Brooke was certainly highly suspicious and once her diagnosis was confirmed, she was instructed to take Kate directly to the hospital, where the next chapter of her life — the post-T1 diabetes diagnosis chapter — began.
A crash course in blood sugar management
Over three days in the hospital, Kate and her parents were visited by a series of specialists. They met with doctors, nurses, a nutritionist, a social worker, a patient advocate, educators and a pediatric endocrinologist.
The Greens learned about managing Kate's diabetes with insulin — how it would be administered, the frequency Kate would need it and the dosage appropriate for her. They learned how to monitor Kate's blood sugar levels, which will change throughout the day, and how to react to correct high blood sugar with the right amount of insulin or low blood sugar with a certain amount of carbohydrates.
They all were taught about the importance of Kate's diet and exercise, which, in Kate's case, was far more than average. This meant they needed to ensure Kate ate enough to fuel her activities, but also ate the right kinds of foods and avoided empty carbs.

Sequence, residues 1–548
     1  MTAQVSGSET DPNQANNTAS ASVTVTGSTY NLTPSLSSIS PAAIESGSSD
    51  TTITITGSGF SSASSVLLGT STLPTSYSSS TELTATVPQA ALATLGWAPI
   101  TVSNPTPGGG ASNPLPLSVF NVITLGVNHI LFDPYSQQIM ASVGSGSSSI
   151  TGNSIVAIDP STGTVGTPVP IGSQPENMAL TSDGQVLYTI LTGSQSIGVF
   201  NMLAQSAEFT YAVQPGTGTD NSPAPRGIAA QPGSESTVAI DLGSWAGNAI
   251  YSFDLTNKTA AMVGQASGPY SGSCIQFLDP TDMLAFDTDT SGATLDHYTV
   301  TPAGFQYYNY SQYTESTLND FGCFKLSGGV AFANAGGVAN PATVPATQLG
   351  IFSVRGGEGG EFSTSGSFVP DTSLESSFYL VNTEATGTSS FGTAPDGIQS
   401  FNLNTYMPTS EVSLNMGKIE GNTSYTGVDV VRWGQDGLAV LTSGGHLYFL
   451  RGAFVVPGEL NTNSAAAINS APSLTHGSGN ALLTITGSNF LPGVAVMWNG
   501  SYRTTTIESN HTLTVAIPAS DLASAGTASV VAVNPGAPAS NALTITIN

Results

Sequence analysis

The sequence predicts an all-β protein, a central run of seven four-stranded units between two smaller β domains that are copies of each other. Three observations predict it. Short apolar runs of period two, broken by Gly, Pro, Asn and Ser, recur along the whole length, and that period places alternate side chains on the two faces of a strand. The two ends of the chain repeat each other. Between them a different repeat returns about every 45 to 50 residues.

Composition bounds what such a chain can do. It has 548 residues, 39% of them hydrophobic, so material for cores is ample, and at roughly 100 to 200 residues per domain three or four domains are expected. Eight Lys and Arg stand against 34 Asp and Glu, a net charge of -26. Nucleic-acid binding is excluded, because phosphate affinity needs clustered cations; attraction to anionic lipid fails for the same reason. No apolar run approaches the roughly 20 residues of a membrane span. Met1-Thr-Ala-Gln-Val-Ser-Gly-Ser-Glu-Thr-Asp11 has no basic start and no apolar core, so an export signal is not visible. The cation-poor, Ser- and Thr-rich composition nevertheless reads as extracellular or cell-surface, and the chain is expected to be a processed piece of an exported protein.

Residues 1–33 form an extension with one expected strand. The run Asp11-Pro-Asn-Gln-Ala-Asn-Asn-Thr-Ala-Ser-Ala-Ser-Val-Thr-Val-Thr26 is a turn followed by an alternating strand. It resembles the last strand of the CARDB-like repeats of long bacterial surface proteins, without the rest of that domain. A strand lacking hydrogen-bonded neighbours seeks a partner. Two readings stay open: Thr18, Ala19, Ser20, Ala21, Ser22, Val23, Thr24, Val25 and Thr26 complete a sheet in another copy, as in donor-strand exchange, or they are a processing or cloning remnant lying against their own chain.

"We received lots of monitoring and lots of education during the time Kate was in the hospital," Brooke says. "It was like drinking water from a firehose — completely overwhelming. I was upset, stressed, scared, sleep-deprived, you name it, but I knew the more we learned and practiced what we were learning, the better we all would feel."
How diabetes can affect a family
Recognizing how they all felt about Kate's diagnosis was very important. It was obvious from the start that it wasn't just Kate that would be affected.
Garrison, her 8-year-old brother, was very upset. He had watched his friend deal with diabetes and knew it wasn't easy. He was worried about Kate and also worried about himself, wondering, "Will I get T1 too?"
Kate's dad, Ryan, grew up watching his father manage his own T1 diabetes. He was used to the meal schedules and restrictions diabetes demanded, and understood how to monitor blood sugar levels. However, he was crushed for his daughter, knowing the changes and challenges the disease would bring.
Brooke was also heartbroken for Kate, but determined to help Kate live her best life and continue doing the things she loves to do.
"T1 requires a lot of planning, but we're planners by nature," she says. "There are a lot of alarms to be set to remind us to check Kate's numbers, a lot of snacks to pack wherever we go and, of course, Kate's insulin and a glucagon injection, to be used in case of emergency, is always with her."